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Get Full Access to Elementary Statistics - 12 Edition - Chapter 11.2 - Problem 21bsc
Get Full Access to Elementary Statistics - 12 Edition - Chapter 11.2 - Problem 21bsc

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Benford’s Law. According to Benford’s law, a variety of

ISBN: 9780321836960 18

Solution for problem 21BSC Chapter 11.2

Elementary Statistics | 12th Edition

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Problem 21BSC

Benford’s Law. According to Benford’s law, a variety of different data sets include numbers with leading (first) digits that follow the distribution shown in the table below. In Exercise?, ?test for goodness-offit with Benford’s law. L e a d i n g D i g i t B e n f o r d ’ s L a w : D i s t r i b u t i o n o f L e a d i n g D i g i t s Detecting Fraud? When working for the Brooklyn district attorney, investigator Robert Burton analyzed the leading digits of the amounts from 784 checks issued by seven suspect companies. The frequencies were found to be 0, 15, 0, 76, 479, 183, 8, 23, and 0, and those digits correspond to the leading digits of 1, 2, 3, 4, 5, 6, 7, 8, and 9, respectively. If the observed frequencies are substantially different from the frequencies expected with Benford’s law, the check amounts appear to result from fraud. Use a 0.01 significance level to test for goodness-of-fit with Benford’s law. Does it appear that the checks are the result of fraud?

Step-by-Step Solution:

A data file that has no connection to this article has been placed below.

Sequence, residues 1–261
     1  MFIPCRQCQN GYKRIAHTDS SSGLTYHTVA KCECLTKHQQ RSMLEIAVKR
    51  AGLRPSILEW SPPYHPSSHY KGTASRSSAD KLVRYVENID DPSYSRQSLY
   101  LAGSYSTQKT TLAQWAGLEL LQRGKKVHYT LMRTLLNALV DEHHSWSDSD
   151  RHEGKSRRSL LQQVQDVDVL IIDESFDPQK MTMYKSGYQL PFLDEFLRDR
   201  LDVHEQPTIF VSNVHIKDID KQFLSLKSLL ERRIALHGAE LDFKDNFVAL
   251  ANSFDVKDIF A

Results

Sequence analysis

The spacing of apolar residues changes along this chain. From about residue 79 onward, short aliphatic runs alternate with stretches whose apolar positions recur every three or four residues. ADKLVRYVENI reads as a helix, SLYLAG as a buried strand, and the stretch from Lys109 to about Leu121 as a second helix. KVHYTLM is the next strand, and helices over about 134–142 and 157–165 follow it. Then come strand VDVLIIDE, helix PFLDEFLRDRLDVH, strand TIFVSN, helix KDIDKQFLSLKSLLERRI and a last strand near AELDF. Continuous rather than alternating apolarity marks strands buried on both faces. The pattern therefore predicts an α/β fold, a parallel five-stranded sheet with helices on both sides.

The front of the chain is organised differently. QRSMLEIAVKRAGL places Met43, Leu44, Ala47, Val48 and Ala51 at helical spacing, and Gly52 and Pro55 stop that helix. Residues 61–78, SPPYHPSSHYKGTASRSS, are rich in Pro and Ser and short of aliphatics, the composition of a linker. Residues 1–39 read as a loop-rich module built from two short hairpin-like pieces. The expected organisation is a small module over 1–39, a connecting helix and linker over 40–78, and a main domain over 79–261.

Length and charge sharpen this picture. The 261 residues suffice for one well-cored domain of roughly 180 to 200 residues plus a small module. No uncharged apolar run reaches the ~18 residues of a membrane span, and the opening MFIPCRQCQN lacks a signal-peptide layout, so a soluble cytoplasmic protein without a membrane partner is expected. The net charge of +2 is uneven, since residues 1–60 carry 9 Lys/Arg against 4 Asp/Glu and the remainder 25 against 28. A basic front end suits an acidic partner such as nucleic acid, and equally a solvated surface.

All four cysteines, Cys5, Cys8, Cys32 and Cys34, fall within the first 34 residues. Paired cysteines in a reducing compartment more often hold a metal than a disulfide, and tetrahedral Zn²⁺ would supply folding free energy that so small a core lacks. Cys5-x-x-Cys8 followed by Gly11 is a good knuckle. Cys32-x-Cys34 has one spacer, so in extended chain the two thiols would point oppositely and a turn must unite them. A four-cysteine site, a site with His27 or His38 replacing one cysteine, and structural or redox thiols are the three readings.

Problem 21BSC Step 1 Given, the frequencies were found to be 0, 15, 0, 76, 479, 183, 8, 23, and 0, and those digits correspond to the leading digits of 1, 2, 3, 4, 5, 6, 7, 8, and 9, respectively. If the observed frequencies are substantially different from the frequencies expected with Benford’s law, the check amounts appear to result from fraud. By using = 0.01 level of significance to test for goodness of fit with Benford’s law. The Hypotheses can be expressed as H : p = 0.301, p = 0.176, p = 0.125, p = 0.097, p = 0.079, p = 0.069, p = 0.058, p = 0 1 2 3 4 5 6 7 8 0.051, p = 9.051, p = 0.010 H1 At least one of the proportion is not equal to its claimed value. The Test Statistic here is 2 (Oi Ei) = Ei Where O = Oierved frequency Ei Expected frequency k = number of different categories of outcome n = the total number observed sample value. Here, the leading digits of amounts from 784 checks issued by seven suspect companies. The frequencies were found to be 0, 15, 0, 76, 479, 183, 8, 23, and 0, and those digits correspond to the leading digits of 1, 2, 3, 4, 5, 6, 7, 8, and 9, respectively. The expected frequency can be calculated by E = np Observed Expected Frequency 2 Leading digits frequency (O E ) (O E ) 2 (O i E i i i i i E (O) E = np i 55688. 1 0 235.984 -235.984 235.984 45 15125. 2 15 137.984 -122.984 109.6136 06 3 0 98 -98 9604 98 0.0023 4 76 76.048 -0.048 .0000303 04 173942 5 479 61.936 417.064 2808.421 .4 17022. 6 183 52.528 130.472 324.0737 94 1404.1 7 8 45.472 -37.472 30.87946 51 8 23 39.984 -16.984 288.45 7.2142 63 1300.6 9 0 36.064 -36.064 36.064 12 2 (Oi Ei) = Ei = 3650.251

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